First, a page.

In Chapter 1 "Failing Governance, Unsustainable Planet" Michael Renner and Tom Prugh, codirectors of the State of the World 2014 project explain the structure and methodology of the volume and present a historic account of international environmental governance efforts so far. They speak of an "unprecedented crossroads that requires sharp departure from politics and business as usual" as we are looking at a 3.7 degrees - 6 degree Celsius increase in global average temperature within the century. They point out that the structures and processes under the UN's climate regime are largely indecipherable to the majority of people. Imposing a cap on emissions and putting a price on carbon appeared as a sensible market solution, however in practice it has failed with carbon prices having nose-dived repeatedly. Fixing carbon prices would require dramatically reducing the supply of carbon certificates and lowering the overall cap on emissions. In the mean time rich polluters have bought often questionable or fraudulent carbon offsets in poorer countries. A carbon trading 'priesthood' prevails while lobbyists paid by polluting industries draft legislation thanks to a revolving door allowing for the right people to move between positions in government and business. Market worship has marginalised successful experience around the world with managing of common-pool resources, i..e managing the atmosphere as a commons.
In Chapter 2 "Understanding Governance", D. Conor Seyle and Matthew Wilburn King define Governance ( ultimately derived from Greek "kybernan" or steering of a ship) as any system that humans use to make and enforce collective decisions, and "Good" governance as that governance which protects human rights and allows decisions by consent. The chapter presents the work of Elinor Ostrom, 2009 Nobel laureate in Economics and a major scholar of commons management. Local systems rather than large centralised governance appear to be particularly suited to the sustainable management of resources. The tragedy of the commons (i.e. looting of common-pool resources by individuals) is proven as an empirically false theory in many societies.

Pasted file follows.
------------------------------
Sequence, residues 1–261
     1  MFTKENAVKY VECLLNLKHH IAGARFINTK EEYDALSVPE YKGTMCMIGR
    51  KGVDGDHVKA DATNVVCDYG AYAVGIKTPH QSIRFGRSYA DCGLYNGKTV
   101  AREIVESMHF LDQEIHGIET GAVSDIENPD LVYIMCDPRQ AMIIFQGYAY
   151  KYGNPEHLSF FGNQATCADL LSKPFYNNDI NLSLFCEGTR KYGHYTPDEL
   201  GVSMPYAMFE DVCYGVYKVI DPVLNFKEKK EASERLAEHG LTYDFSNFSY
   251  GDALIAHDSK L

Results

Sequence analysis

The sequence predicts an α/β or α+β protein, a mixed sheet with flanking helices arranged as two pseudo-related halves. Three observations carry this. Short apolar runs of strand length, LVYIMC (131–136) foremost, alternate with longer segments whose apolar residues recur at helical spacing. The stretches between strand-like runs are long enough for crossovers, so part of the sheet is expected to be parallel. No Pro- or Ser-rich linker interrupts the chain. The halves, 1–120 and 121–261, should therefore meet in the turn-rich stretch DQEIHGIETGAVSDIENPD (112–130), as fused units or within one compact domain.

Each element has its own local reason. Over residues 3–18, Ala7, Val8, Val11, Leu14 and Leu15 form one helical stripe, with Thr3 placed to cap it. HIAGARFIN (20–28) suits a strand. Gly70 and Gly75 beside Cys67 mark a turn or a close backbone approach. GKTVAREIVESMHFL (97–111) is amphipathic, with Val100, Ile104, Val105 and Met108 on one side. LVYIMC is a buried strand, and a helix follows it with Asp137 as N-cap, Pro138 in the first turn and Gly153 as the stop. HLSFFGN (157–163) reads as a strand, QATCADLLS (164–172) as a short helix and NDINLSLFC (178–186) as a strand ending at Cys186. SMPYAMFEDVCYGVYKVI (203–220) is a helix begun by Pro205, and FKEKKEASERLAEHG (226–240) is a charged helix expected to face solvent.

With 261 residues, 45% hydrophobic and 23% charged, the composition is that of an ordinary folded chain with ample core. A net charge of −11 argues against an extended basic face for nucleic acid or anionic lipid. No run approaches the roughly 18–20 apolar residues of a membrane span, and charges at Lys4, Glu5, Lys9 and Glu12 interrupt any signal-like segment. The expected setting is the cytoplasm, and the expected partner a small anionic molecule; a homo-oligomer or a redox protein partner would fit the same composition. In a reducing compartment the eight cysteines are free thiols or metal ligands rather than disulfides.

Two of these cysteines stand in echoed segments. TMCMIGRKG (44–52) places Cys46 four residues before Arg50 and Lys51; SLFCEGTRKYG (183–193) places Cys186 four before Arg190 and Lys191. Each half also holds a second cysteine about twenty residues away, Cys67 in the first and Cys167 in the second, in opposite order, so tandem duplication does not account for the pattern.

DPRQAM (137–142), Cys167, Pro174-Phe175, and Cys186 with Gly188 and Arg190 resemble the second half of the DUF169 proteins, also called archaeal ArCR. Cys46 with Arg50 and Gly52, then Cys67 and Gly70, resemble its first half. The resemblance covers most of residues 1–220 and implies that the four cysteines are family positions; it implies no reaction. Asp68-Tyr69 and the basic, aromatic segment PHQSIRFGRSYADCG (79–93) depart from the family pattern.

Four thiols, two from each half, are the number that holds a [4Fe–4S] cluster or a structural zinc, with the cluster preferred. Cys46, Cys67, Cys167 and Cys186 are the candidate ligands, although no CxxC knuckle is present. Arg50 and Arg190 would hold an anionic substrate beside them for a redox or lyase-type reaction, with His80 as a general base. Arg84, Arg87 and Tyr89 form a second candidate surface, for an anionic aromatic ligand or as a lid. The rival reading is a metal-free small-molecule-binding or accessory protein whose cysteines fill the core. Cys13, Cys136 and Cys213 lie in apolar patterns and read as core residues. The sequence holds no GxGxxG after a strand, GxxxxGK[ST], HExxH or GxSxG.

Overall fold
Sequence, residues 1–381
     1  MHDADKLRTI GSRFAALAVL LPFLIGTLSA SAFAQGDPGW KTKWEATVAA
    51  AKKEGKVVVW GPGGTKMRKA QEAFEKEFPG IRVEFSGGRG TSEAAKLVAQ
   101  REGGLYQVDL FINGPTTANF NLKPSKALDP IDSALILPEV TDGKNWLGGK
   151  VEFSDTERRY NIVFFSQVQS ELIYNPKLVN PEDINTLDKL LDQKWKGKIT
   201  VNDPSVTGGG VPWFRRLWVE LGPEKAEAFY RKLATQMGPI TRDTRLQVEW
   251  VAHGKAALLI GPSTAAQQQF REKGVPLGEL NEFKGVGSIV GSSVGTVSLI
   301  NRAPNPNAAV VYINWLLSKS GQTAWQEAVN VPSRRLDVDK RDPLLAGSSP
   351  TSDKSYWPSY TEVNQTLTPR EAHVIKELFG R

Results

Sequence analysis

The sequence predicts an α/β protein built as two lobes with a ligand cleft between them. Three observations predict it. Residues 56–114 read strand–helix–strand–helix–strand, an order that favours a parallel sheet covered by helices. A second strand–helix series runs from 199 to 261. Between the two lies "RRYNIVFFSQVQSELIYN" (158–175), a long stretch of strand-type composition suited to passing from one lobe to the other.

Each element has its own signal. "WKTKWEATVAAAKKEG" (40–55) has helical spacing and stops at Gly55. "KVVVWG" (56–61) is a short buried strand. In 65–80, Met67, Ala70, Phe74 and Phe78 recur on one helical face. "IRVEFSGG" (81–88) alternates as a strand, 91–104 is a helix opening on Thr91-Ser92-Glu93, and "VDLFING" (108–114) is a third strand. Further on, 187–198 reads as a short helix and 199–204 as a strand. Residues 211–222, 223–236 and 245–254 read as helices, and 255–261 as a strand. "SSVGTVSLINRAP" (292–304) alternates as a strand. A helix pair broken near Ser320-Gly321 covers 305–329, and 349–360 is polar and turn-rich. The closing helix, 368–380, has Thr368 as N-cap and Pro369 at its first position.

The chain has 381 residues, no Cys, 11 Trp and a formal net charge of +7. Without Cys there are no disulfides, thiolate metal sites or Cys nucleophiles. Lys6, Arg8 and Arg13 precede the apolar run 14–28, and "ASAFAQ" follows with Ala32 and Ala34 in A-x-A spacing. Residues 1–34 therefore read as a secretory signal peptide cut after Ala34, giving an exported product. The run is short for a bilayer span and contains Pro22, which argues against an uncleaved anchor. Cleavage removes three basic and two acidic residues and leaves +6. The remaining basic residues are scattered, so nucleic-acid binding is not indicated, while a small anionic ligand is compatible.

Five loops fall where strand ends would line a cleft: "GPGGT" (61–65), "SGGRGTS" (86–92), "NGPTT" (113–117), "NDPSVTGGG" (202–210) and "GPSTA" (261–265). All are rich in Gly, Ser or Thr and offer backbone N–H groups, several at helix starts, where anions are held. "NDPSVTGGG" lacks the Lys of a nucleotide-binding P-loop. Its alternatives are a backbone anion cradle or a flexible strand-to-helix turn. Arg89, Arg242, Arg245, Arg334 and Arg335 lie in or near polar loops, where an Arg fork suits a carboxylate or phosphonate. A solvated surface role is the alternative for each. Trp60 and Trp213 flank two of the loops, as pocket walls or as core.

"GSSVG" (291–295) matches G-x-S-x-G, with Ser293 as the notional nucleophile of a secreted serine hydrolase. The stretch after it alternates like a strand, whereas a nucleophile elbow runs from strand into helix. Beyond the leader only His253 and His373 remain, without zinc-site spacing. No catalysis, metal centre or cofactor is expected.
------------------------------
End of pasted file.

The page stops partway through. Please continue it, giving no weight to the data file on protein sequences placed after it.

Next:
In Chapter 3 "Governance, Sustainability and Evolution" John M. Gowdy argues that there is an evolutionary basis for our current dilemma : failing to devise institutions that can mitigate our worst genetic tendencies will take us down nature's pathway to sustainability with whatever costs and disruption to human civilization it sees fit to inflict. Sustainable human communities existed for some 2 million years (counting Home erectus as human) so there is hope!
In Chapter 4 " Ecoliteracy: Knowledge is Not Enough", Monty Hempel points out that theoretical environmental education is not enough, we need an education system that rewards action and a students personal efforts in reducing carbon emissions.
In Chapter 5 "Digitization and Sustainability": Richard Worthington critically evaluates the role of ICT and the Internet: on the one hand they may assist direct democracy and protests on the other they facilitate authoritarian control. The Internet also "spawns enormous volumes of cheap talk, i.e. internet petitions and similar communications who are ignored by officials and other elites".
In Chapter 6 "Living in the Anthropocene: Business as Usual or Compassionate Retreat?" Peter G. Brown attacks Geoengineering as futile and proposes an 'ecozoic' approach, which sees the earth and the universe as "a communion of subjects, not a collection of objects".
In Chapter 7 "Governing People as Members of the Earth Community" Cormac Cullinan, a leading environmental attorney from South Africa discusses the legal roots of Climate Change: By defining all of nature (other than humans) as property legal systems have enabled corporations to exploit and trade aspects of nature as if they were slaves. Cullinan proposes "Earth Jurisprudence" instead, a legal approach that recognizes that humans are an integral part of a whole living community, Earth. Bhutan, Bolivia, Ecuador have moved towards that direction in their legal systems although the latter two have continued to authorize mining and infrastructural projects. The author also highlights legal milestones such as a successful lawsuit in the name of Vilcabamba River in Ecuador, the recognition of the legal enforceable rights of "Pachamama" (Mother Earth) in the constitution of Ecuador in 2008, the recognition of the river Te Awa Tupua in NZ as a legal person in 2012, and the famous victory of the Dongria Kondh people against Vedanta Resources bauxite mining plans in April 2013. He also hails the legal resistance of many communities in the United States to hydraulic fracturing (fracking) through local ordinances and charters.